I woke up to rain again. How many days since the last time I saw the sun, I cannot tell you. The musk, mold and dampness that surrounds me is heavy like being pulled down by the weight of thick kudzu. I have to get out of this house for various reasons. My sanity being number one.
I now carry on conversations with Dog and Habana. They both came to me, Dog after the first storm when the line was drawn and Habana in the middle of a level five looking for shelter. The horse has a name only because it is tooled in the leather of her saddle. Dog came to me without a calling card.
This morning is no different as I open the door and urge Dog out to take care of business. With coffee in hand, I tell him to report back if there are changes in the weather. He smirks. Even he realizes the rain will never end.
Another big one is coming, too. Last night I found myself cowering and scratching at my ratty beard with every blow to the roof. I need to get supplies before it really hits.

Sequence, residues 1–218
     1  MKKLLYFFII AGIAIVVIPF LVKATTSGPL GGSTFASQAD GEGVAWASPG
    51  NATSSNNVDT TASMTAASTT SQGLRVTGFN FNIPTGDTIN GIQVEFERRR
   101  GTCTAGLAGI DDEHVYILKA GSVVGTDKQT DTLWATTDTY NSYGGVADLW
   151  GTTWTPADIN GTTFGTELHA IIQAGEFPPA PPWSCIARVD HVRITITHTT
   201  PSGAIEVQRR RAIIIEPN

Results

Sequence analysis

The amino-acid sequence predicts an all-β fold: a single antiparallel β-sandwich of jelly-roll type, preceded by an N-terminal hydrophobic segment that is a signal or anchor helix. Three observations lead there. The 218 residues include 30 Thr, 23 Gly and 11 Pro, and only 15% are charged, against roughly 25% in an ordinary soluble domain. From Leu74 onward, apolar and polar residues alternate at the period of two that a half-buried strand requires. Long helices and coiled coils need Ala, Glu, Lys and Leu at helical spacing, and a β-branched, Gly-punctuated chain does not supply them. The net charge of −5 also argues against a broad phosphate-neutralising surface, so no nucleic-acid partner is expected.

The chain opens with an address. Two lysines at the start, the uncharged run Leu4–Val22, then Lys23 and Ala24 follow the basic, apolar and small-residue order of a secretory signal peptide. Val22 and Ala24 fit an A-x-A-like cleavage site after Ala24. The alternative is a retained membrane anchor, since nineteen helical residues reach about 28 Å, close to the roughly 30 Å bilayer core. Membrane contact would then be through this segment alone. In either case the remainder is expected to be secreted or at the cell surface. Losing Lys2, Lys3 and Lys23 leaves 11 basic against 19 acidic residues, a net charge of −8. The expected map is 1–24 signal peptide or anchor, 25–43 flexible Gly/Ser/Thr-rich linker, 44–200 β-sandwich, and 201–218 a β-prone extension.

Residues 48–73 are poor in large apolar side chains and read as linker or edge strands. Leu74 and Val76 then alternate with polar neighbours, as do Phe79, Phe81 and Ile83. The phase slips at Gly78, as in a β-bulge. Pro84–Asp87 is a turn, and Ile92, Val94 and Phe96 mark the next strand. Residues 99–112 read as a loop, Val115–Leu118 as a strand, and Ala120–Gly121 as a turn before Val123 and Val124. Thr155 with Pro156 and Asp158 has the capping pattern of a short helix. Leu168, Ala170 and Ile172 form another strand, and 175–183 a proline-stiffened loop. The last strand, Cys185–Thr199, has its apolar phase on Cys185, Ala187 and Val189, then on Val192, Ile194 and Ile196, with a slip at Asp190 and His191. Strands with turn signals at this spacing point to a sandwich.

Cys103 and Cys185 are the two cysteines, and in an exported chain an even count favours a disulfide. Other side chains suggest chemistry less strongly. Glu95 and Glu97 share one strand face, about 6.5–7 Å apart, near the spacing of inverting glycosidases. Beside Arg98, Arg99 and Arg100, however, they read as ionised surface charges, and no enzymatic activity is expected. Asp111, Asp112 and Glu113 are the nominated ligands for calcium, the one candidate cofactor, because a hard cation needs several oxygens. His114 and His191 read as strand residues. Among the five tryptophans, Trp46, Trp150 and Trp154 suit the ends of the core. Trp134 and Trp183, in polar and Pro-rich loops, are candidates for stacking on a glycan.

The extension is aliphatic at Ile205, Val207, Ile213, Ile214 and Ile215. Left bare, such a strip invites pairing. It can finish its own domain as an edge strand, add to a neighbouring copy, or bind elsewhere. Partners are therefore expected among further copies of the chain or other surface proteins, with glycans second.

Joe, my contact to the other side of the line and supplier, always quizzes me on reasons for staying in this mess? Go north, he tells me, but it is not that easy. No one waits for me up north. My family is here. The visits are all I have.
I walk back through the hall and place one hand on the plaster that blocks the entrance to our bedroom. It was my last chore after burying her near the Magnolia. Those trees are so strong. I watch the wind throw the branches to the ground repeatedly, but they bounce back like a fresh fighter weaving in the ring.
The plaster feels damp with moisture, but a warmth spreads through my fingers and into my hand inching its way past my wrist and into my arm. Is this a real or imagined sense? I can no longer tell. I must get out of this house.
She tells me to go, too. We will be fine. Habana whinnies in the background and the spell is broken. I walk back to the kitchen placing the mug on the counter then grab a cap. I hunch in the rain to save my front from getting wet and run to the barn. She is ready for open pasture.Mississippi native, Michael Farris Smith, shares an apocalyptic adventure filled with foreboding in his first book set near the lawless Mississippi coast titled, Rivers. I sense the ghost of Capote rearing his Southern Gothic head amongst the sad Larry Brown trash. My feelings toward this book are all warm and fuzzy, though. It is destined to win awards.